In this classic of childhood education, Friedrich Froebel identifies the fundamental principles upon which he based his now-ubiquitous kindergarten system. Froebel demonstrates how to channel child's play and integrate it into the development of intelligence and social skills, explaining the vital in... read more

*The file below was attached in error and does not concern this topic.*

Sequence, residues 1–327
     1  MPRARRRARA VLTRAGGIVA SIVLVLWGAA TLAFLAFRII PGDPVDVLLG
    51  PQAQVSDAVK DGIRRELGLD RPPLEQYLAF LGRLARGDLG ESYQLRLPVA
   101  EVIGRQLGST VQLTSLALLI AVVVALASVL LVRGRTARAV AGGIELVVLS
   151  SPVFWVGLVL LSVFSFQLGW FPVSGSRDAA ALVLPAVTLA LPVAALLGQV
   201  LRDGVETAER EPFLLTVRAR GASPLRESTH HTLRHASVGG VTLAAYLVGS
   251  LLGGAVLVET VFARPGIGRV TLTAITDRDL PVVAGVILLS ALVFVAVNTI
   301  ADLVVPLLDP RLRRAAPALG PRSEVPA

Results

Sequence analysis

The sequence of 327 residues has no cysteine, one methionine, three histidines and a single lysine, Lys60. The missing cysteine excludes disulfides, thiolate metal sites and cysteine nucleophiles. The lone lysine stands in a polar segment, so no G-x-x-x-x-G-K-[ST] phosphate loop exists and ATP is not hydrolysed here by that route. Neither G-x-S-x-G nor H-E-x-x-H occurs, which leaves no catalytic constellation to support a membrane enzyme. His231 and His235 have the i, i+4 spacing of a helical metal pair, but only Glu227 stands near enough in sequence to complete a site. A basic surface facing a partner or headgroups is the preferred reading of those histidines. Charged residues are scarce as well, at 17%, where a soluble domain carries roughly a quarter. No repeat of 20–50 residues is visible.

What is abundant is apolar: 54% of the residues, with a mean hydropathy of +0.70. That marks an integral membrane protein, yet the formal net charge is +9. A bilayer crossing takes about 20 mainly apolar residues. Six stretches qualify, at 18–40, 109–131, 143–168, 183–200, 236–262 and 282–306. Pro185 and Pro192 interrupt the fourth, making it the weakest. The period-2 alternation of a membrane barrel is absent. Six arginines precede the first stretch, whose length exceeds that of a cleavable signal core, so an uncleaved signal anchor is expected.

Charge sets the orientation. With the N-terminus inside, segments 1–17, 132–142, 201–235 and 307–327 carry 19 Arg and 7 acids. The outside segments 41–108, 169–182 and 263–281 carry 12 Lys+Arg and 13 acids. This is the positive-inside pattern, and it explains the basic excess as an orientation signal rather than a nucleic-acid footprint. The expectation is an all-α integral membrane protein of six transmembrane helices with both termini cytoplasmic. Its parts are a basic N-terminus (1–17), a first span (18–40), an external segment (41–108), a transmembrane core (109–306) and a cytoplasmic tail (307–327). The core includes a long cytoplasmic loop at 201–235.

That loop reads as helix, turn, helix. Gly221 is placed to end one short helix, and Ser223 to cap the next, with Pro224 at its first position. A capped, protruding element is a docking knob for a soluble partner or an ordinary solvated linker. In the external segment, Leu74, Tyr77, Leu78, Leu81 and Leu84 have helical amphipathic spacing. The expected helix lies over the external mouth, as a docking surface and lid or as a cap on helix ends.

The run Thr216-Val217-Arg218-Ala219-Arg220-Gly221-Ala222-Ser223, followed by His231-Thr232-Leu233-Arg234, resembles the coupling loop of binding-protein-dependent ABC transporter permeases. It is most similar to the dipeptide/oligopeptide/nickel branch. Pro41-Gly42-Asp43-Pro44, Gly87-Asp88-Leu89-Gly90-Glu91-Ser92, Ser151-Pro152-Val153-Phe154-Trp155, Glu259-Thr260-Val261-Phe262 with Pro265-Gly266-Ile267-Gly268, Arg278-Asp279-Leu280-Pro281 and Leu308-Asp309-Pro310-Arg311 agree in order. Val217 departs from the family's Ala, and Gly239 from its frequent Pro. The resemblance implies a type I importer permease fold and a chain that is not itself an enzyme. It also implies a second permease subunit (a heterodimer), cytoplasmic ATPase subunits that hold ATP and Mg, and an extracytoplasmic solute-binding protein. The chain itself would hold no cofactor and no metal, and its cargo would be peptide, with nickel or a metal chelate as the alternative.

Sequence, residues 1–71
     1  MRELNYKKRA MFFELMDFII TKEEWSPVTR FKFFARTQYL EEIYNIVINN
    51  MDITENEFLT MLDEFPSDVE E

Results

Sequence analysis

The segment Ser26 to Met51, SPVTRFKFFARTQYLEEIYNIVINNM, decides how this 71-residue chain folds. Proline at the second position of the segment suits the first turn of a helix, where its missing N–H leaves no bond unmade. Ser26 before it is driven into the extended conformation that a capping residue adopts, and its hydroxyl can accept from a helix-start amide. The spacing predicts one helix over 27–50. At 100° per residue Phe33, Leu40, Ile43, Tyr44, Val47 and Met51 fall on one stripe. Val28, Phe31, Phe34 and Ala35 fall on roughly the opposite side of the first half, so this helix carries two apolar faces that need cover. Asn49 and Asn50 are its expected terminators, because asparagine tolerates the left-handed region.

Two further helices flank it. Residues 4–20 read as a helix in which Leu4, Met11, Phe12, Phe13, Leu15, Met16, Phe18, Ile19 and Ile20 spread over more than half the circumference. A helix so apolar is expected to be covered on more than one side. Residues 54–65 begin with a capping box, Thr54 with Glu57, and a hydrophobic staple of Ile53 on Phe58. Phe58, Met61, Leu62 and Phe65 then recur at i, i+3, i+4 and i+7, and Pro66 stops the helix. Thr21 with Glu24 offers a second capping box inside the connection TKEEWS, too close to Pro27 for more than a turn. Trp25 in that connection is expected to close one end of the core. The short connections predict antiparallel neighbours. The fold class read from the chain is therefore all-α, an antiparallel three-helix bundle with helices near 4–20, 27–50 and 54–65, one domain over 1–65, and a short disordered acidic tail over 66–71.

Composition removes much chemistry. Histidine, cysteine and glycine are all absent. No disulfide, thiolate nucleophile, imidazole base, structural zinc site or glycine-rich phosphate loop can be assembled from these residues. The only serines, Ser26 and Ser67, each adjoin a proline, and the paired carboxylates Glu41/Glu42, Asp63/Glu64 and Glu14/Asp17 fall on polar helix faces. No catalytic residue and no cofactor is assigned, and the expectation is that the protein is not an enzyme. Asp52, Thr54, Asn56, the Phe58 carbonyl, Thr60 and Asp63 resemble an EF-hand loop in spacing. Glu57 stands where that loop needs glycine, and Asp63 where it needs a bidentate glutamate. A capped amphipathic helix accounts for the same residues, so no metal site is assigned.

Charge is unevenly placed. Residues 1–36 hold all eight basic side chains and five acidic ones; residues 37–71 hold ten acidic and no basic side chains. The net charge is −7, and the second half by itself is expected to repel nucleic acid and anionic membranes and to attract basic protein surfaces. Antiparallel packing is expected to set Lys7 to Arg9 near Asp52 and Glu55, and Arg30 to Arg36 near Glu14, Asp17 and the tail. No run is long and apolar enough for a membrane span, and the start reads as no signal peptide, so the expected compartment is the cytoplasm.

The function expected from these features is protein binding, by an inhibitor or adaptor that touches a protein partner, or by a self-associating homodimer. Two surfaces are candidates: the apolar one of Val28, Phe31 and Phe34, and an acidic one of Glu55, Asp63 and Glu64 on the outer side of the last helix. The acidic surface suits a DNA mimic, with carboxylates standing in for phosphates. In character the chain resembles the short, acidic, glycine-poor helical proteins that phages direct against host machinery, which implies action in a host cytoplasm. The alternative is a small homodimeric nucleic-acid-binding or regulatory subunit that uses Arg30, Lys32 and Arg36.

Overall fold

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In this classic of childhood education, Friedrich Froebel identifies the fundamental principles upon which he based his now-ubiquitous kindergarten system. Froebel demonstrates how to channel child's play and integrate it into the development of intelligence and social skills, explaining the vital inner connection between the pupil's mind and the subject of study. Impressed by the theories of Johann Heinrich Pestalozzi, Froebel developed an approach to early childhood education that exercised enormous influence over modern techniques, particularly those of John Dewey. Froebel espoused "self-activity" and play as essential factors in preschool education, maintaining that the teacher's role is not to drill or indoctrinate but to encourage self-expression through play. His method banishes mechanical and rote activities in favor of creative play, which fosters the growth of artistic capacity. Originally published in Germany in 1826 as Die Menschenerziehung, this volume constitutes one of the most important books on education ever written.
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